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Formally, the Estonian theatre system is made up of national, local government, private and amateur theatres.

Based on 2020 data, 65 performing arts institutions participate in theatre statistics, 24 of them received budget funding through the Ministry of Culture. The bulk of the subsidies are allocated to institutional theatres with their own theatre buildings, permanent staff and year-round stable performance activities.

8 theatres operate as foundations established by the state or with participation of the state, and 1 (Estonian National Opera) as an institution of public law, compared to earlier when they were state institutions governed by the Ministry of Culture. 2 theatres operate as local government institutions (City Theatre participates in statistics, there is no data pertaining to Viljandi Puppet Theatre). In 2020, another 53 non-profit private theatres and 3 performing arts centres were operational.  

Theatre institutions’ operations are regulated by the Performing Arts Institutions Act (RT I 2003, 51, 353) and the National Opera Act (RT I 1997, 93, 1558). The Performing Arts Institutions Act provides the definition of a performing arts institution, the funding and organisation of activities of a performing arts institution, and the basis for reporting. The content of the National Opera Act’s provisions is identical to the Performing Arts Institutions Act.

The state supports theatre activities independent of the form of ownership of the theatre, with the goal to maintain the total attendance level at a minimum of 800 000 visits a year and the average ticket price not above 1% of the average salary. On average, 4600 performances are given each year on account of the funds allocated from the ministry’s budget, 160 new productions are completed, more than 1700 people are employed and close to 900 000 visitors served.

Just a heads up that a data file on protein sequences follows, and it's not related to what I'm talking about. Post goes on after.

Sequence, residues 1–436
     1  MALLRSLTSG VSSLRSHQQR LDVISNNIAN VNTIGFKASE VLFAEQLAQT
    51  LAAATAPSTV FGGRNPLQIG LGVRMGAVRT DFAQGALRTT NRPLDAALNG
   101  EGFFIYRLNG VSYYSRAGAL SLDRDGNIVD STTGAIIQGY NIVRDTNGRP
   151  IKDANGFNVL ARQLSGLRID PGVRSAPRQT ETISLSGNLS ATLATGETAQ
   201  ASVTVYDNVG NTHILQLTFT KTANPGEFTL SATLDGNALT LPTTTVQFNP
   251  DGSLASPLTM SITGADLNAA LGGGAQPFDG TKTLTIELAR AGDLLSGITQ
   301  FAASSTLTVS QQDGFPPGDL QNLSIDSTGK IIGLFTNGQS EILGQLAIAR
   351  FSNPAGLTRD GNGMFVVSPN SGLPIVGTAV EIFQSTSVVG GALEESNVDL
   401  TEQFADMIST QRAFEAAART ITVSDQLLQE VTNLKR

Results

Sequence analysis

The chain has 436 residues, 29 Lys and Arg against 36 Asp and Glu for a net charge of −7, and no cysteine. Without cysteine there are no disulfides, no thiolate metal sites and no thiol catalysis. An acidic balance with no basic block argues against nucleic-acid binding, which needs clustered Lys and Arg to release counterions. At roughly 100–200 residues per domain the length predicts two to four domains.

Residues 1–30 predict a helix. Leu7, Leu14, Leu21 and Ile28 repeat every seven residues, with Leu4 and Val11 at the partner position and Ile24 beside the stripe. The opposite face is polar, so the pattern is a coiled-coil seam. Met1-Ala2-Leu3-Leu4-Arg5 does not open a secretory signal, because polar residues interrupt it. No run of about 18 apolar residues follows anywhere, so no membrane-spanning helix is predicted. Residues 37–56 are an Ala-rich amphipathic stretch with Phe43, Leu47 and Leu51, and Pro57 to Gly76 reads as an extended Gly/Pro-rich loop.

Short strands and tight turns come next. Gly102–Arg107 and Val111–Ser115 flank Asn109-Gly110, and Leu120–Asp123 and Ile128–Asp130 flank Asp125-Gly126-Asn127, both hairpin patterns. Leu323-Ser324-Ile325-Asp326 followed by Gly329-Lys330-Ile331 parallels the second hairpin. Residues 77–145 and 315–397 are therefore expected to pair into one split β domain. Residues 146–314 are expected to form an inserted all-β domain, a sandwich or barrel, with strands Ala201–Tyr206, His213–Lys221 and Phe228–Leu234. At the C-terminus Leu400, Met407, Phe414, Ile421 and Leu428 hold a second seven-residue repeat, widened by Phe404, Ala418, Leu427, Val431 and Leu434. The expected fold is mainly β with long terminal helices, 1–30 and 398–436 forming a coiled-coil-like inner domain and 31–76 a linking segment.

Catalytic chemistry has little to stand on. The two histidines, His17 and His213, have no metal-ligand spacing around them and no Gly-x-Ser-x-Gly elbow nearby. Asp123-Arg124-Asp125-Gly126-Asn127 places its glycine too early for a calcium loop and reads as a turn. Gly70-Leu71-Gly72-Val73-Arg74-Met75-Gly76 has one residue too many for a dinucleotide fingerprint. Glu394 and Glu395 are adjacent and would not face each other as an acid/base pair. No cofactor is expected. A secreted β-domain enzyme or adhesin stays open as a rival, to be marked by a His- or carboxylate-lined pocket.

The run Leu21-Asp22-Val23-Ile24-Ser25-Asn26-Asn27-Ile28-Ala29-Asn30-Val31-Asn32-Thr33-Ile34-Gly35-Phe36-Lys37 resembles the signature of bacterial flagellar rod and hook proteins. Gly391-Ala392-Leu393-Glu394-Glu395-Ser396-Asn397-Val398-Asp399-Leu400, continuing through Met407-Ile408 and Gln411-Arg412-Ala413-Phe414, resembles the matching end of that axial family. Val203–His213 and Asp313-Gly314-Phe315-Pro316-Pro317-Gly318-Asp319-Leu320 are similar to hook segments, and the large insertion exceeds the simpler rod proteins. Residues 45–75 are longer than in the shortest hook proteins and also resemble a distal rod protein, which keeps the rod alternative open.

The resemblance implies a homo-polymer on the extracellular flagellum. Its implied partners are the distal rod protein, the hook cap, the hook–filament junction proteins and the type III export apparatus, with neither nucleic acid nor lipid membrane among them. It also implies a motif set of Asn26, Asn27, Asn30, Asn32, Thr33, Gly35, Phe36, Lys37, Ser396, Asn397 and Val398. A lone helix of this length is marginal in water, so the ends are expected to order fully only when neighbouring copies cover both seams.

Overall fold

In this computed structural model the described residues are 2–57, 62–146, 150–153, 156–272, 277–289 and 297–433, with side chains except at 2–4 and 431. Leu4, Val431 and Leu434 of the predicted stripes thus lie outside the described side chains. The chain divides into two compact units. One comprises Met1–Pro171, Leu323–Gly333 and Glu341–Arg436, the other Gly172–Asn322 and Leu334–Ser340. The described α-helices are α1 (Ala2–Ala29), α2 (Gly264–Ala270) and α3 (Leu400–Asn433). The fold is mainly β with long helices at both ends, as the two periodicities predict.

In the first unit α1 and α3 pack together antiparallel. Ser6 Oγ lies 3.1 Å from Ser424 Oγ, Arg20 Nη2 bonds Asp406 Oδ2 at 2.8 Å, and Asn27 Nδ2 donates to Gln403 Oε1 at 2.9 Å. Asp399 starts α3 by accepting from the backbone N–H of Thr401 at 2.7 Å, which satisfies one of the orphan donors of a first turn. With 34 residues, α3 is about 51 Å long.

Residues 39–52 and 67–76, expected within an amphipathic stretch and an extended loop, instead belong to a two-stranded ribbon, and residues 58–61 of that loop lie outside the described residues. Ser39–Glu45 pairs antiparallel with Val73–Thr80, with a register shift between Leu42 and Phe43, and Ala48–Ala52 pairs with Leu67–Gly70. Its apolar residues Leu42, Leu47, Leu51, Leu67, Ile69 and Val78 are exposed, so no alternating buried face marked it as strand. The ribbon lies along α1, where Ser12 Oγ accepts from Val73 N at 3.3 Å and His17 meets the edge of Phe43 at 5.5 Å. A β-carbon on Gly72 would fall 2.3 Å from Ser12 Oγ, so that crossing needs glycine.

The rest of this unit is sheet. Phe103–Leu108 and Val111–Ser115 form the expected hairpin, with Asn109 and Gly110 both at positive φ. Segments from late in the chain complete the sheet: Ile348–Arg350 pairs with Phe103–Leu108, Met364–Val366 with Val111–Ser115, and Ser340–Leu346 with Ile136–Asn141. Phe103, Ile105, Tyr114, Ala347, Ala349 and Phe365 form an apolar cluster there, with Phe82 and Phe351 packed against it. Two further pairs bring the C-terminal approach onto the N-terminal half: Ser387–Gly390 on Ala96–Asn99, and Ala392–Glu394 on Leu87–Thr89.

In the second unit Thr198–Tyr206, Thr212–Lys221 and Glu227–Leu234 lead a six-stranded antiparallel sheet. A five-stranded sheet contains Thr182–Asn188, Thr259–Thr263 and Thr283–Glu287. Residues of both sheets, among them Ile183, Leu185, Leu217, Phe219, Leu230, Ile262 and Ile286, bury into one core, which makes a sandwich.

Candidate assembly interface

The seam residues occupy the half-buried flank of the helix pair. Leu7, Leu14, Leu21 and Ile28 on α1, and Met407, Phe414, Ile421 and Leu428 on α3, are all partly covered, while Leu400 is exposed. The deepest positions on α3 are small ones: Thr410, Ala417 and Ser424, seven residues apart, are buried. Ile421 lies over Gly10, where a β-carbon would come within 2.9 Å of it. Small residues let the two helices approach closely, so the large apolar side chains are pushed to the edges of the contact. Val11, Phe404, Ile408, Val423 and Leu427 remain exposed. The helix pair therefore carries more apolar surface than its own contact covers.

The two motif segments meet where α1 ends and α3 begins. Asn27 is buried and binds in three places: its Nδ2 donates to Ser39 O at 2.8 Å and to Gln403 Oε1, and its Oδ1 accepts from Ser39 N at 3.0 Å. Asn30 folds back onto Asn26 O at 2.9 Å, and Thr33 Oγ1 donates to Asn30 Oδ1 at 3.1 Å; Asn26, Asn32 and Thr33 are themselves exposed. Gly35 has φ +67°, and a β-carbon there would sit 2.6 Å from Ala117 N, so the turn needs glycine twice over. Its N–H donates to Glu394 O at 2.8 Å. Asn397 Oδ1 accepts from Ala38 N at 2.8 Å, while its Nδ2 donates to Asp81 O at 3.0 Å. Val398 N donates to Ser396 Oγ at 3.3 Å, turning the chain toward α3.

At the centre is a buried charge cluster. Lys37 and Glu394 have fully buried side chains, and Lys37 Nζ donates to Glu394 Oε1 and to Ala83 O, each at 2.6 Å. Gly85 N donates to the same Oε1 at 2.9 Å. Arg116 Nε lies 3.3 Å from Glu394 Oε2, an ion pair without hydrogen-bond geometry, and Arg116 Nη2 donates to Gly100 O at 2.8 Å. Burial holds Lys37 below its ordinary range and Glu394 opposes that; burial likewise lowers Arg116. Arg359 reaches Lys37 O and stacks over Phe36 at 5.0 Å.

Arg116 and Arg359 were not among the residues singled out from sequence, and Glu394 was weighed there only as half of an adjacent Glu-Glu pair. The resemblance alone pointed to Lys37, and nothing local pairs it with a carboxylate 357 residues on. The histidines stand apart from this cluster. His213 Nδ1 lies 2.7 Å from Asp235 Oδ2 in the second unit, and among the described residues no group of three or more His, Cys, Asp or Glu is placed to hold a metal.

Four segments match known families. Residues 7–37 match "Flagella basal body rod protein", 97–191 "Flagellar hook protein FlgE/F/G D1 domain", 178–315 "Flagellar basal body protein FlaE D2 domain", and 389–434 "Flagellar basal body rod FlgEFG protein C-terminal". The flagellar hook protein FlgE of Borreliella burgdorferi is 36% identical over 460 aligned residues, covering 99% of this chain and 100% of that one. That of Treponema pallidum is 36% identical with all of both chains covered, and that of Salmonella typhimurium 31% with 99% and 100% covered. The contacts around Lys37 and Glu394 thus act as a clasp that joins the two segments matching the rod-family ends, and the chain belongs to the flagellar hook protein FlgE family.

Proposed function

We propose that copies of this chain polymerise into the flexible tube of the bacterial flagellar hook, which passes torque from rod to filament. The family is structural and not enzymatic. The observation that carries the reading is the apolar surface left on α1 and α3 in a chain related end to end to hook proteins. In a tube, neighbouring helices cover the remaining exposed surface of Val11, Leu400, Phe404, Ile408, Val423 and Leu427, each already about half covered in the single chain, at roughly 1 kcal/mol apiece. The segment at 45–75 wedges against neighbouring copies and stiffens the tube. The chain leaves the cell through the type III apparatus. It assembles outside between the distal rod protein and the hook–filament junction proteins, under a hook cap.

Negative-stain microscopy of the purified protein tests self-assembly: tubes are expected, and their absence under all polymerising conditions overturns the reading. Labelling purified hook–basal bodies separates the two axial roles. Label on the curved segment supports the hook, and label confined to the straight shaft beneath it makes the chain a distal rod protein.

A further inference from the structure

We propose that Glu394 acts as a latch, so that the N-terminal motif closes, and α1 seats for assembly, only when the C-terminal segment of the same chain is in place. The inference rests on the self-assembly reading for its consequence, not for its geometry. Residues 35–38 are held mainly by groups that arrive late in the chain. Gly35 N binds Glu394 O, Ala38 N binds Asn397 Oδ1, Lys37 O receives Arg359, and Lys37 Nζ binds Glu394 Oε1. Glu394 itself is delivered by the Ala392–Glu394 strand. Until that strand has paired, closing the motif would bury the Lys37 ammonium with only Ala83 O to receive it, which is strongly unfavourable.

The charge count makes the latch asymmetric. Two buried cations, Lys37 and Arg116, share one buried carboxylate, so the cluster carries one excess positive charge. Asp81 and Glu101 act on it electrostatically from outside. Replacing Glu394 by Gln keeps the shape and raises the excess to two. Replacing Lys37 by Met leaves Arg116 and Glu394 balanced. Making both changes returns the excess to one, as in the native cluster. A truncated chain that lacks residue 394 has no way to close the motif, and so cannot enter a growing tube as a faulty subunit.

Not only performing arts institutions receiving state subsidies provide annual overviews of their activities through the Estonian theatre statistics database, but also all other institutions and organisations active in the field of theatre.

The deadline for repertoire data is February 15 every year and 01 April for economic data.

The Estonian theatre festival Draama provides a regular overview of Estonian art of theatre, international theatre festivals NuQ Treff Festival, Baltoscandal, SAAL Biennaal, ”Midwinter Night’s Dream” and NU Performance Festival are organised biennially, and the Estonian performing arts overview festival draamamaa.weekend, Birgitta Festival, Saaremaa Opera Festival, ”Golden Mask” in Estonia, Tallinn Comedy Festival and festival NAKS by the Estonian Centre of ASSITEJ are organised annually.

Due to the emergency situation in 2020 did 16 festivals, like Baltoscandal, draamamaa.weekend, Draama, NU Performance Festival, and a number of thematic festivals take place, but with amended programmes. 9 festivals were cancelled or postponed.  

After the first full lock-down of the country in March 2020, 15 theatres provided an online programme, which spectators from across Estonia could enjoy. Theatres offered recordings of previous stage productions, reading out books, video meetings with actors and directors etc. for online viewing from March to May.